Now for the fun part...the program design.
Movements & Body Parts/Muscle Groups
An effective training program focuses on 5 key movements and training patterns.
Push (chest, shoulders, triceps)
Pull (traps, delts, lats, biceps)
Hip Hinge (posterior chain – glutes, hamstrings, erector spinae)
Knee Flexion – i.e. squat (quads, hip flexors)
Spinal movement – i.e. rotation & flexion (abs – rectus abdominis, obliques, etc.)
Hopefully, just in this explanation of movements and their corresponding body parts and muscle groups, you can see how simple OR complex the program can be. Beginners would start with more functional movements, such as the deadlift for hip hinge or back squat for knee flexion. As experience progresses, the more isolated the movement patterns can be. There’s no need to introduce good mornings, lateral raises, curls, cyclist squats, etc. until 1. a good a foundation is achieved and 2. you've started with the functional movements corresponding to the major muscle groups.
Function first, then comes isolation.
Build a foundation FIRST
Building a foundation matters first. Why? Because of progressive overload. Progressive overload is the basis for building strength and muscle. It’s the progressive overloading of movement/volume/intensity to improve and increase the intended stimulus of a given movement. To improve on anything, you need to make small additions and build off of a foundation.
Think of building a house. You can’t throw the giant frame on the ground without a foundation. Even if you have the foundation set, you add piece by piece, building slowly but surely until the house is built. Take my situation of preparing for an Ironman. I can’t just hop on a bike and ride 60 miles. I physically could, as I am in pretty decent shape and have the mental willpower to do it...but I wouldn’t improve if all I did was ride 60 miles at a time. My form would falter because my muscles aren’t trained yet, and I would injure myself.
Same goes with lifting. To progressively overload, you add ~10% at a time. Week 1 you do 4x5 back squats. Next week, you either bump weight up 5-10lbs or add a rep in each set. The next week you repeat. You’re slowly building strength and size. If you don’t learn the foundational movements and you don’t take the time to figure out which exercise variation works best for you (i.e. sumo v. conventional deadlift or front v. back squat), you can’t progressively overload. Each week, you’re essentially moving a different way. Say you don’t know how to properly deadlift. The first week, you lift more with your back than driving heels into the ground and moving shoulders at the same rate as your hips. This leads to significant soreness and discomfort. The next week, you have it a bit more figured out, but now you start more back on your heels with your hips closer to the ground thinking it’ll save your back. Well now you’re doing a completely different lift and using different muscle groups. Minute difference, yes...but still significant. By week 3, you’ve maybe added 20-30lbs to your deadlift weight and still lifting a different way and therefore not progressively overloading properly.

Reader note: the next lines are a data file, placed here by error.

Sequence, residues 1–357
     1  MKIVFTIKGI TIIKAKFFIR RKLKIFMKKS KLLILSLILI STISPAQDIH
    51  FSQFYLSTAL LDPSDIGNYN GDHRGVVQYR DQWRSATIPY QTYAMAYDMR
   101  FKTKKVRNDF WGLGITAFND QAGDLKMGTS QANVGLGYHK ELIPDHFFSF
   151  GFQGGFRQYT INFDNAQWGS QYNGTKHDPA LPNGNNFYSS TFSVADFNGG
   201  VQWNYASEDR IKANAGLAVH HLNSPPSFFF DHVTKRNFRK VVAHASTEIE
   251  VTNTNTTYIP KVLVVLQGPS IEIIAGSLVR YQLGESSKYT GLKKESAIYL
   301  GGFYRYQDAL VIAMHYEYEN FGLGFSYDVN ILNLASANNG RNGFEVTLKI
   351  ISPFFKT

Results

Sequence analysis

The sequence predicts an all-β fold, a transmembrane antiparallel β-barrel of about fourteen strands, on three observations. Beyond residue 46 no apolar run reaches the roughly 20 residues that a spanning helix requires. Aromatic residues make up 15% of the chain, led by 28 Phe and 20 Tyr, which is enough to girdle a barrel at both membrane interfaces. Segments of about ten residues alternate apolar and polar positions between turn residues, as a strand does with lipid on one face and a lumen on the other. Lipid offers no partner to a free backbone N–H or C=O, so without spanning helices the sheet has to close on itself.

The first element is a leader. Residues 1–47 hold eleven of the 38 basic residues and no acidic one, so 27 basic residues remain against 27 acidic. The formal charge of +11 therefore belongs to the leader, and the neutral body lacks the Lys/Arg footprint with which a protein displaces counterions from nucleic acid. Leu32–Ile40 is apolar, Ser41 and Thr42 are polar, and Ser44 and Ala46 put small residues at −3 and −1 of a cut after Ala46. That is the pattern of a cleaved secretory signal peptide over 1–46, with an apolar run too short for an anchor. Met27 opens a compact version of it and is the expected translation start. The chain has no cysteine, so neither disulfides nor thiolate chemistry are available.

Exercise selection matters. There are three basic components to each lift/movement:
Compound lift (what will be the heaviest – deadlift, squat, bench, press, clean/snatch for oly lifters, etc.)
Activation exercises (what will prime your muscle groups for the compound lifts – medball wall tosses for bench press)
Accessory exercises (what will compliment muscle groups and compound lift – lateral raises, calf raises, cyclist squats, rows)
These will vary less. These will consist of your squat, deadlift, bench, and overhead press. Note that you’re not limited to barbell versions of these, but typically using a barbell allows you to build more effectively in weight and building strength. The movement pattern, however, is most crucial.
For an effective full-body training program, you’ll have a compound lift in each session (4 total weekly sessions). You can add in a 5th day if you enjoy a 5-day training program. In this 5th day, I would make it a “fun day” and train in a way that you enjoy. For me, my Saturdays are my fun days. They are less methodical and more just fun for me to go in and do what feels good. This improves adherence and enjoyment in your program. Think if it like a treat day 😉
These movements rarely change. What changes most often is accessory work.
It’s most recommended to work in cycles, either in 4-week cycles or 6-week cycles with a deload in between cycles. It would look like this:
As you can see, you’re progressively increasing weight on the bar, while decreasing reps. For muscle growth, I’d stick to that 5-10 rep range. Each block ends with a 1-week deload at an 8-10 rep range.
Not sure where to start weight-wise? Have a “test” week where you go through each compound lift and build to a heavy single or double. Start your first week at 50-60% of that weight. If you go through the first block and didn’t feel challenged, then you simply would start at 60-70% the next cycle. There is a bit of trial and error so make notes and document the process!
The point of an activation exercise is to activate the muscle groups that will help you execute the movement. The point isn’t to overfatigue. A hip thrust would be a poor activation for the deadlift (too physically demanding) but a broad jump or elevated glute bridge would be a great activation exercise.